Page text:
ING Appoints Steven van Rijswijk to Succeed Ralph Hamers as CEO

ING Groep NV appointed Steven van Rijswijk as chief executive officer as the Dutch lender contends with rising compliance costs and pressure from low interest rates.

Van Rijswijk takes over from Ralph Hamers, who will leave this month and take the helm at Swiss bank UBS Group AG in November. The current chief risk officer, who starts July 1, joined ING in 1995 and held various positions in mergers and acquisitions, equity capital markets and the capital structuring and advisory teams, the bank said on Friday.

Hamers, CEO since 2013, has been credited for adding millions of retail customers throughout Europe by relying on digital platforms rather than branches and office clerks. During his tenure, ING launched services such as mortgages that can be ordered online and an artificial intelligence tool that advises portfolio managers on bond prices.

An important task for the incoming CEO is to make sure that ING’s digital expansion contributes to the bottom line. Despite its improvements in technology, profitability failed to improve significantly under Hamers, as low interest rates put margins under pressure and the Amsterdam-based bank faces increased costs to tackle financial crime.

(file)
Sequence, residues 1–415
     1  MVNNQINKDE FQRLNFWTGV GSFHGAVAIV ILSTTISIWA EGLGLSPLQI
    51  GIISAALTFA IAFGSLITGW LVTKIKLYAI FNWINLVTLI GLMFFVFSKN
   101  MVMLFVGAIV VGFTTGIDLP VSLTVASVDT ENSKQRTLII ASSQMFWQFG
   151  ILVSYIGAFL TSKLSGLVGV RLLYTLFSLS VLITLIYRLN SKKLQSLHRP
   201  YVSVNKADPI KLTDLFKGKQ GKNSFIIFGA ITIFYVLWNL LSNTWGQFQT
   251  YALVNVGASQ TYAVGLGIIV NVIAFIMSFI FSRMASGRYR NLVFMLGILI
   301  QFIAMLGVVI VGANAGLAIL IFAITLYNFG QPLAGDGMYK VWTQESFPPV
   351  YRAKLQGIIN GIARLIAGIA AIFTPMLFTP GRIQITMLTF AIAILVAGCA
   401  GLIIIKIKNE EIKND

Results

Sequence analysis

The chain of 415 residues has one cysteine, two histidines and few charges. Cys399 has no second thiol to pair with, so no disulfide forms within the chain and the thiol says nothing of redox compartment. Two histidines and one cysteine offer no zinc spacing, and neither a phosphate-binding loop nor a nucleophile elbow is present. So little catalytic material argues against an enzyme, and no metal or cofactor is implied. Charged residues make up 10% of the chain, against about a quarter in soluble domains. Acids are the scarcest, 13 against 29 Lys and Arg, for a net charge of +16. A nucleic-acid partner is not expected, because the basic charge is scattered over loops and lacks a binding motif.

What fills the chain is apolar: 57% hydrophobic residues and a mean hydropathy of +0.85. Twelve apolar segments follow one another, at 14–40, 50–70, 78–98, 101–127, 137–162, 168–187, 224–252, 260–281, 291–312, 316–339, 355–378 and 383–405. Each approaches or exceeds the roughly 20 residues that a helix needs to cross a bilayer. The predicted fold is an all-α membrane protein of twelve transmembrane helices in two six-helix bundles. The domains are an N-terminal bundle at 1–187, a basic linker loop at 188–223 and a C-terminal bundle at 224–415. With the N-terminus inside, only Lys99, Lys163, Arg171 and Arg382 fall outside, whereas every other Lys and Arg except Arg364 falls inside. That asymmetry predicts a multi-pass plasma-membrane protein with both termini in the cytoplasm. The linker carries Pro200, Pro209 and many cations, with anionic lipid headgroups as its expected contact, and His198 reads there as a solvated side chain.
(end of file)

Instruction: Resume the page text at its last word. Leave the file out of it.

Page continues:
“Steven has shown to have the right combination of experience, leadership skills and deep understanding of our business to lead ING into the next phase of our strategic direction,” Chairman Hans Wijers said in the statement.

READ MORE: ING’s Surging Compliance Costs Overshadow Lending Gain

In 2018, ING paid a record $900 million fine to settle money laundering accusations with Dutch prosecutors, which concluded in its criminal investigation that “business often won from compliance” at ING. Public criticism on ING’s compliance issues led to the resignation of Chief Financial Officer Koos Timmermans.

Van Rijswijk becomes CEO in a country where banking executives operate under a microscope. With restrictions on pay and tough scrutiny from politicians, analysts expected ING to pick an outsider. Citigroup said ING had a “deep management bench” to pick from.

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